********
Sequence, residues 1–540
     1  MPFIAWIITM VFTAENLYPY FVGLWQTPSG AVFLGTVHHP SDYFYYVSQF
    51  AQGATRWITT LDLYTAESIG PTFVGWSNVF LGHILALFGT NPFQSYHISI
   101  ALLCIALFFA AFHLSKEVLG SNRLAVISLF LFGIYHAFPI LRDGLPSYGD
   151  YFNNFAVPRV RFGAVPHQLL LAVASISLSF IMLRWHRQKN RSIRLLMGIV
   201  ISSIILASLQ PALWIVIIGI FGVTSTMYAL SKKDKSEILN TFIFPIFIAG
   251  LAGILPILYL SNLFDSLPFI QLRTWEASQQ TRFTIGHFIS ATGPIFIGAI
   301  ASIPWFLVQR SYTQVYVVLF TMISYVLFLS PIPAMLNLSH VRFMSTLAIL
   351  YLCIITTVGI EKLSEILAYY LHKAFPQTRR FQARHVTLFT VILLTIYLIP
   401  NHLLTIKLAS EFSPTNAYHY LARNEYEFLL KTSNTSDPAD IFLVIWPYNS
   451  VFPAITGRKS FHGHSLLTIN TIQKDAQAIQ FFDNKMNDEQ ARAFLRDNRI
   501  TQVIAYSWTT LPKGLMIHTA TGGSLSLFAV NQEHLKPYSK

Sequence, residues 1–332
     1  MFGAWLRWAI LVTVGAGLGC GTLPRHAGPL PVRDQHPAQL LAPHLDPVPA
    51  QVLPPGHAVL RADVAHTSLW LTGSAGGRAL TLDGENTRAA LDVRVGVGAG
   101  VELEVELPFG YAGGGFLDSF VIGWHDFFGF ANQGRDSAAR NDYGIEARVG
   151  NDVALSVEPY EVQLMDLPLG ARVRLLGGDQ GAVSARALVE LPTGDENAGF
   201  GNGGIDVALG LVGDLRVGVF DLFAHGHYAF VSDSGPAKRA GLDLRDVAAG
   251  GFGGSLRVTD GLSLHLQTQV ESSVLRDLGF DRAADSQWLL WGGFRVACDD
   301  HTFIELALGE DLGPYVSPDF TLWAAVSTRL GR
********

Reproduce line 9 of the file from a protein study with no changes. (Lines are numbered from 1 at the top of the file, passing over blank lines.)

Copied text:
   351  YLCIITTVGI EKLSEILAYY LHKAFPQTRR FQARHVTLFT VILLTIYLIP